10 Tips For Parents When Having "The Talk":
- Just because your child may ask questions about sex doesn't mean they are sexually active. - The teen years are full of confusion and chaos on this subject. If you're teen is initiating the conversation, don't freak out and assume it's because they're sexually active already. Be thankful they trust you enough to come to you with their questions instead of going somewhere else for answers.
- In today's society, talking to your teen or pre-teen about sex, MUST include talking to them about pornography and the dangers of it. - If current statistics hold up, your middle school or high school child not only has a close friend who is involved in watching pornography, but they most likely have a close friend who is already considered addicted to pornography. Some statistics even show that the average age a child is exposed to pornography for the first time is 7 years old. You MUST address this topic parents!
- Know that your kid wants to hear the truth about this from you...and not from their friends in the locker room. - Teen polls consistently show that the #1 influence on teens is their parents. And it's head-and-shoulders above any other influence in their life.
- Be sure you cover the basics of sex with your teen or pre-teen, but also spend some time talking about body image & self-worth. - When a teen makes poor decisions in the area of sex & dating, the majority of the time it is out of a longing for love, value, & worth. Make sure they know they're loved and valued by you and by God.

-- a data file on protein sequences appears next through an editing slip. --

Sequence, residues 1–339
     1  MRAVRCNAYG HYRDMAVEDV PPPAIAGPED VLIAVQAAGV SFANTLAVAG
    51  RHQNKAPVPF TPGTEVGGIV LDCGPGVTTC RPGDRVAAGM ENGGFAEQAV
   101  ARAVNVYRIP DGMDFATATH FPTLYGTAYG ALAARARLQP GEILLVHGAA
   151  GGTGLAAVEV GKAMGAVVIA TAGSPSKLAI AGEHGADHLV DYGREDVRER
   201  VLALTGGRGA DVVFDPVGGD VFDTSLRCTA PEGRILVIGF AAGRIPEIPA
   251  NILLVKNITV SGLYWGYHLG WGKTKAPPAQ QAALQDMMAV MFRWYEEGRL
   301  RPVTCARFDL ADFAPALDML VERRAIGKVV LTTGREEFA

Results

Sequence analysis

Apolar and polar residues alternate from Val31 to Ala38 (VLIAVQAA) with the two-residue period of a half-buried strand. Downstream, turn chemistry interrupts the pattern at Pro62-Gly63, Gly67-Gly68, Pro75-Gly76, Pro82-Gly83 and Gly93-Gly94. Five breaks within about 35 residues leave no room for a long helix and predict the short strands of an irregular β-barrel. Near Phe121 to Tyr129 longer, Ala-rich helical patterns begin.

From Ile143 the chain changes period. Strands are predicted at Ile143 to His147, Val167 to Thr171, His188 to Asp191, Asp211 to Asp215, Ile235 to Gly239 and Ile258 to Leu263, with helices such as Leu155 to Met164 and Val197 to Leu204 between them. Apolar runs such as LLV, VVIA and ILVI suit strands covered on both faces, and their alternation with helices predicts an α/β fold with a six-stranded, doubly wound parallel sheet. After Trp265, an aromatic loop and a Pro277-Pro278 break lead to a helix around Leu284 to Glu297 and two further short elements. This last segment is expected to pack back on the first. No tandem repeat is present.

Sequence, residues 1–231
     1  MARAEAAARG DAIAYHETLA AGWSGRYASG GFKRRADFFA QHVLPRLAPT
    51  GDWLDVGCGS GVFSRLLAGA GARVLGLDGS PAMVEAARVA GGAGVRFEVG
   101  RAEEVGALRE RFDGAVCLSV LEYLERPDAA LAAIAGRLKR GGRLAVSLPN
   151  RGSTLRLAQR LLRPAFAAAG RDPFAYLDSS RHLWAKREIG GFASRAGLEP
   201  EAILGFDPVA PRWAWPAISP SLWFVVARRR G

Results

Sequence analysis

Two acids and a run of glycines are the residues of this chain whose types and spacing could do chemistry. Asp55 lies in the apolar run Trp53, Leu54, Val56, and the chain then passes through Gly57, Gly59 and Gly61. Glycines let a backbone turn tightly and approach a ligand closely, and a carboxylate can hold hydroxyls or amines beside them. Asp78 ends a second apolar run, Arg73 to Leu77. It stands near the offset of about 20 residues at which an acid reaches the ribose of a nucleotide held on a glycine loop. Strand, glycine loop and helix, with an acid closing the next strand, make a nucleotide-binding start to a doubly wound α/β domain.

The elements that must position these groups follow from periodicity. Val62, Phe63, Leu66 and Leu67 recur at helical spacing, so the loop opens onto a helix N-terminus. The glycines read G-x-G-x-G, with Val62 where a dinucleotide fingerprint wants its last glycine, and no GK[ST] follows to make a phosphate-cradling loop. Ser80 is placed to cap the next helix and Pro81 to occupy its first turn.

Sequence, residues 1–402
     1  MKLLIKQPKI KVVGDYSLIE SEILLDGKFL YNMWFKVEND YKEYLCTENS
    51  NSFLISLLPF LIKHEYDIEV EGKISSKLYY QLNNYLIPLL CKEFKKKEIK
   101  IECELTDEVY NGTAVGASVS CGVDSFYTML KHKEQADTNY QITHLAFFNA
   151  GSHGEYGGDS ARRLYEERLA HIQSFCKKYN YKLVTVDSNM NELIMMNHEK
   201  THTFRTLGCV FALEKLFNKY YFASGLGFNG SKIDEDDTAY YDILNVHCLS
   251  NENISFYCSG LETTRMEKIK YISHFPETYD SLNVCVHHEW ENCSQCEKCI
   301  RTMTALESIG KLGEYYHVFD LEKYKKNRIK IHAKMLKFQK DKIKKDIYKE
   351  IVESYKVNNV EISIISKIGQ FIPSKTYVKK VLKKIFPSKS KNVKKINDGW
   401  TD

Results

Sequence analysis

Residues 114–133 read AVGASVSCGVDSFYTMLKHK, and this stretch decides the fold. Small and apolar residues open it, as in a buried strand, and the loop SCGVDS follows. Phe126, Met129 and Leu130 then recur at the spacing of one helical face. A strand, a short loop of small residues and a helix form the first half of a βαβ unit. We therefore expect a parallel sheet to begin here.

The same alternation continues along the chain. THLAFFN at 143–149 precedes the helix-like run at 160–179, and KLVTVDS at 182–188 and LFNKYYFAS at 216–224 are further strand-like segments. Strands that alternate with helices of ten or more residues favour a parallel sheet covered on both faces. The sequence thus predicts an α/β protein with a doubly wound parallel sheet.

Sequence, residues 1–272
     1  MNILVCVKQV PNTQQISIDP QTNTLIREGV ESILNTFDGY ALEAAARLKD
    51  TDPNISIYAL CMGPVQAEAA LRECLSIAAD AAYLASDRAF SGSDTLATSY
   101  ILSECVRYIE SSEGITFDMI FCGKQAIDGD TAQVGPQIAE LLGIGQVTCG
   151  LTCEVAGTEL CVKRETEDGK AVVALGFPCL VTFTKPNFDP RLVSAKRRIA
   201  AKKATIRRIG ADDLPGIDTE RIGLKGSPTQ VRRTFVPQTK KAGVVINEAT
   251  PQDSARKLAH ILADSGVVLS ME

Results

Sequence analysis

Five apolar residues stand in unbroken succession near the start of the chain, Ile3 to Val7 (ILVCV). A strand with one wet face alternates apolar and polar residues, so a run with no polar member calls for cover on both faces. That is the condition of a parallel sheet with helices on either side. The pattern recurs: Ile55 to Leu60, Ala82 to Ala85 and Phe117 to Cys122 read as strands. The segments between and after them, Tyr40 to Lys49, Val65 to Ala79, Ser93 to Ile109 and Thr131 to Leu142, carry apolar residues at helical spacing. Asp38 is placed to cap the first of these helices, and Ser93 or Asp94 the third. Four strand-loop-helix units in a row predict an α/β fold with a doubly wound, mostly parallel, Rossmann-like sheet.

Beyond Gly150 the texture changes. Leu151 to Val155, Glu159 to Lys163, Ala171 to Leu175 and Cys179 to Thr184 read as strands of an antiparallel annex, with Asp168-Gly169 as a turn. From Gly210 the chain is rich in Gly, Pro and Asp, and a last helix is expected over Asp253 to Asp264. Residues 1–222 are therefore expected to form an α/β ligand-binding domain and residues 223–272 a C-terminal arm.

- Talk about consequences of pre-marital or casual sex. - Consequences are real and teens need to be aware of them.
- Be ready to talk about difficult issues. - Most teens have more questions than simply "What is sexual intercourse?" Be sure you're teen knows that your door is always open no matter how difficult or uncomfortable their questions may be. And then don't act shocked when they come to you with those questions.
- Be prepared. - Having "the talk" is difficult. No one argues that. But being prepared and having a game plan will do wonders in eliminating that uncomfortable feeling.
- Be honest. - Teenagers can ALWAYS smell a fake. You don't have to share every single mistake you've ever made in this area, but be honest with your teen and don't be afraid to share what you've learned from experience.
- Listen. - A big part of having "the talk" involves listening - to your child's questions, struggles, and concerns. The more you listen, the more likely they are to keep talking and come to you with their questions.
- Don't be afraid to ask for help. - If you're struggling with how to engage in these conversations with your son or daughter, don't be afraid to ask for help. Talk to a parent of with older children who's been down this road, speak with your local pastor or youth pastor, or find a family friend who can offer some advice in this area.
Check back tomorrow for ways to bring up the topic of sex with your teen or pre-teen!